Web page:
In the previous blog, we explored the first 3 critical questions that CEOs must have answers to before they commit the company’s resources to an ERP project. In this post, we will discuss about the remaining 4 questions.
Prior to ERP implementation, your company has probably had multiple line-of-business systems already in place for different functions, like accounting or sales and marketing. Should you keep those systems or replace them with ERP? After all, ERP is essentially a comprehensive suite of enterprise applications that is supposed to integrate every function and process across an entire business.
A similar question is whether you should continue to invest in new stand-alone applications instead of purchasing similar modules or bolt-ons from your ERP vendor.
For example, should you purchase the business intelligence (BI) module from your ERP vendor or use a separate solution from a dedicated BI provider like Tableau? Should you purchase the CRM module or use Salesforce?
The argument of integrated suite vs. stand-alone (best-of-breed) systems has been around for as long as there have been integrated enterprise solutions. Experts have never been able to reach a consensus on this debate, and for good reason. Each approach has its strengths and weaknesses.
Certain departments may have very focused and specific requirements that can only be met by niche applications. If you have such departments, then you should go with best-of-breed systems. These specialist systems generally take less time to implement than an integrated suite does.
That said, deploying multiple stand-alone systems may not facilitate interdepartmental, end-to-end processes. Having to deal with an enterprise-wide integrated suite is definitely an advantage with respect to integration and ongoing maintenance. This approach also provides better scalability if your business is expanding, and could be a more cost-effective alternative than buying and maintaining multiple systems.
In reality, it is much more common for businesses to maintain a mix of integrated suite and best-of-breed applications. That is, for certain areas of the business, ERP is deployed in tandem with a number of specialist systems.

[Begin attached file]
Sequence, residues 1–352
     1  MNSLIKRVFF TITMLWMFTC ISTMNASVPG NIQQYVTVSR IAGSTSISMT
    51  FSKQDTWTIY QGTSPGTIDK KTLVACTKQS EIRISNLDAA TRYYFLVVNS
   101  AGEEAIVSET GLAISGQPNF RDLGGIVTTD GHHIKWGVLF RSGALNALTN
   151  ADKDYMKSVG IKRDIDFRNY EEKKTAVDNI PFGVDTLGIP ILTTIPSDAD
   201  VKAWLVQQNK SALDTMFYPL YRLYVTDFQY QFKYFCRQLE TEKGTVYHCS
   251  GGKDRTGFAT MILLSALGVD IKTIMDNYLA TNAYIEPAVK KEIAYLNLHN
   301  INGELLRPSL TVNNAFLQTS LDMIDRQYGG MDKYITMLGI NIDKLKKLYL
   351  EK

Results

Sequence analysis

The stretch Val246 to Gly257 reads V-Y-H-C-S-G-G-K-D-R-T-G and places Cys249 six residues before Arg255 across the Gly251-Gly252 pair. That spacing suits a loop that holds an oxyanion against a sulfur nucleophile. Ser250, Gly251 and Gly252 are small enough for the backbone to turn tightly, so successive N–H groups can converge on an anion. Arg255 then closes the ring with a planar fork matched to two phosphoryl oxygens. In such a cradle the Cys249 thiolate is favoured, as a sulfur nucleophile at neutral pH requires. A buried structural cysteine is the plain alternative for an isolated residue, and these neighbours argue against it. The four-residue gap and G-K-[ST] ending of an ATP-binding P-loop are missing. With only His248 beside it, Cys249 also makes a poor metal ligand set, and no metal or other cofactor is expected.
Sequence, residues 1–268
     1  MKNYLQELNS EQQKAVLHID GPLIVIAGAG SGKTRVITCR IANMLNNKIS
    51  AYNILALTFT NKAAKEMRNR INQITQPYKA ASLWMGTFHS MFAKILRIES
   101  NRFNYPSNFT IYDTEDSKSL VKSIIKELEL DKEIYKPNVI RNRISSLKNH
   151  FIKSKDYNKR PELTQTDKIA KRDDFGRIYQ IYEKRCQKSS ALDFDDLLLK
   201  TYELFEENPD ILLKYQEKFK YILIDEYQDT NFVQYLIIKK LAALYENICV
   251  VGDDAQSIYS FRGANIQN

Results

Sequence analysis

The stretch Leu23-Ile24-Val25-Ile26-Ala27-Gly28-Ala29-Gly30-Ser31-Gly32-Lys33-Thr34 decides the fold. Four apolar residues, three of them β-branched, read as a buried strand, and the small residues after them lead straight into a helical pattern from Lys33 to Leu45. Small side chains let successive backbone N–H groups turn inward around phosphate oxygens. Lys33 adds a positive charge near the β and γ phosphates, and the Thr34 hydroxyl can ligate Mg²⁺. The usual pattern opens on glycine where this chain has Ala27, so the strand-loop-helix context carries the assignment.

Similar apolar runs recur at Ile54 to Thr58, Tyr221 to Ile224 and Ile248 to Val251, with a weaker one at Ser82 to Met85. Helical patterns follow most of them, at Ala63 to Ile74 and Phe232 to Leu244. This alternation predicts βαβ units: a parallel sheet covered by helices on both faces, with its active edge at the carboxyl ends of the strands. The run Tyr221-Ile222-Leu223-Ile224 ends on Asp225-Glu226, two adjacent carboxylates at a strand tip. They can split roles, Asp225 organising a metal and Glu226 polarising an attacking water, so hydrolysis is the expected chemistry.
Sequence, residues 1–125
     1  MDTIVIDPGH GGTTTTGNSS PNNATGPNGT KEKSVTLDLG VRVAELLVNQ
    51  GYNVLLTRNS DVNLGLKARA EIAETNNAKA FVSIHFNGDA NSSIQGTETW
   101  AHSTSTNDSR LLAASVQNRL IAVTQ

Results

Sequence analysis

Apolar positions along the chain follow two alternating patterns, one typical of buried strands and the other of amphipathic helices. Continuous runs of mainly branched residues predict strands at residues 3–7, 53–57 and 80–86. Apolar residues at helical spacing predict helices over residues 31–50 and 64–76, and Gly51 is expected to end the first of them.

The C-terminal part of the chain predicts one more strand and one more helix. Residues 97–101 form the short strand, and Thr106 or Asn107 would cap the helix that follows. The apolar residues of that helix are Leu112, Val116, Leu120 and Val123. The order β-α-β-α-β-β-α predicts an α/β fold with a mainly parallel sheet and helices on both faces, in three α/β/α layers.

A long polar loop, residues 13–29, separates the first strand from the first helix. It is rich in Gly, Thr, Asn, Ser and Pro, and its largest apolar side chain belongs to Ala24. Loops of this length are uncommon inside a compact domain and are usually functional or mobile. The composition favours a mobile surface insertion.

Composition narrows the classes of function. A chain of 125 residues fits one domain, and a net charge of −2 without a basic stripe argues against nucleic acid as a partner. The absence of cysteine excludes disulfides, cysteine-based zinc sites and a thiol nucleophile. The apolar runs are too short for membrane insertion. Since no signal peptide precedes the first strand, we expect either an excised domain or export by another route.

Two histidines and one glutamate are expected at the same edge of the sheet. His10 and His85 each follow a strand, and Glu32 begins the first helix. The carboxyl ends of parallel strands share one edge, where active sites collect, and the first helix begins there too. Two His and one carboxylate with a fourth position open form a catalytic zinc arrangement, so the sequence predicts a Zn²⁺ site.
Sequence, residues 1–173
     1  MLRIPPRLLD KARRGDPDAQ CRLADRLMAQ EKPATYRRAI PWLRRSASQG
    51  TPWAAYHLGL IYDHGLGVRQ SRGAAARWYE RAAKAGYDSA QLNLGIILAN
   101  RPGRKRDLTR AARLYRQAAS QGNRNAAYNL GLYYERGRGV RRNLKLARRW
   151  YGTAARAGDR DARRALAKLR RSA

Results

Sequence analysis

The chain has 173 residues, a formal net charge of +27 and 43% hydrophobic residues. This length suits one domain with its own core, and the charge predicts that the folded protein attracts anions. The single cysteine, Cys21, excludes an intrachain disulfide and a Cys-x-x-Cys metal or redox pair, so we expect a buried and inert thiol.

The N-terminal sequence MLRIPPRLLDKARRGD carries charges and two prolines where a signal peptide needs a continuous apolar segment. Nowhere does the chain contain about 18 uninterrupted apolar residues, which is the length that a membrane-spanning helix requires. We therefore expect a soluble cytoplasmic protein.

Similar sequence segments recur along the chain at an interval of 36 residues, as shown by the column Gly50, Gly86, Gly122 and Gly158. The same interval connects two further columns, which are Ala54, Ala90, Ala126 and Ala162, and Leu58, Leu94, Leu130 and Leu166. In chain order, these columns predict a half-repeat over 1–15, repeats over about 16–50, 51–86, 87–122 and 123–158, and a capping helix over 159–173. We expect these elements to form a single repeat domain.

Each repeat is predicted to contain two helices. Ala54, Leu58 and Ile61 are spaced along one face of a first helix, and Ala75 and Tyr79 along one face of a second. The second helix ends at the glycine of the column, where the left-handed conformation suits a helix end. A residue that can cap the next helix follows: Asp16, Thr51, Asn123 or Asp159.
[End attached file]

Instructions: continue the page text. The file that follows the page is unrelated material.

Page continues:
The rational decision is neither the “ERP only” or “best-of-breed software only” approach, but to find the right package for your business by first identifying areas that need specialist applications. The ability to integrate smoothly with these applications should be high on the priority list when selecting your ERP vendor and product.
Ultimately, ERP implementation is all about change, and people resist change for various reasons. As a CEO, you cannot afford to underestimate your employees’ fear of change. Even after implementation, how the employees embrace the new system will determine the overall success of your ERP project.
A formal plan, therefore, must be devised to manage change and deal with resistance to change. Ideally, it will be put into action early. The fundamental elements of an effective change management plan are:
- Identify who will be affected by the project.
- Communicate the needs for ERP implementation and its expected impact.
- Explain what employees should do to ensure the project’s success.
Make no mistake, anxiety about change can come from the company’s management as well. It’s not unusual for companies to decide to embark on an ERP project because their current systems are broken and causing a crisis. But when the crisis passes, and all the anger and frustration have subsided, the sense of urgency and seriousness also disappears.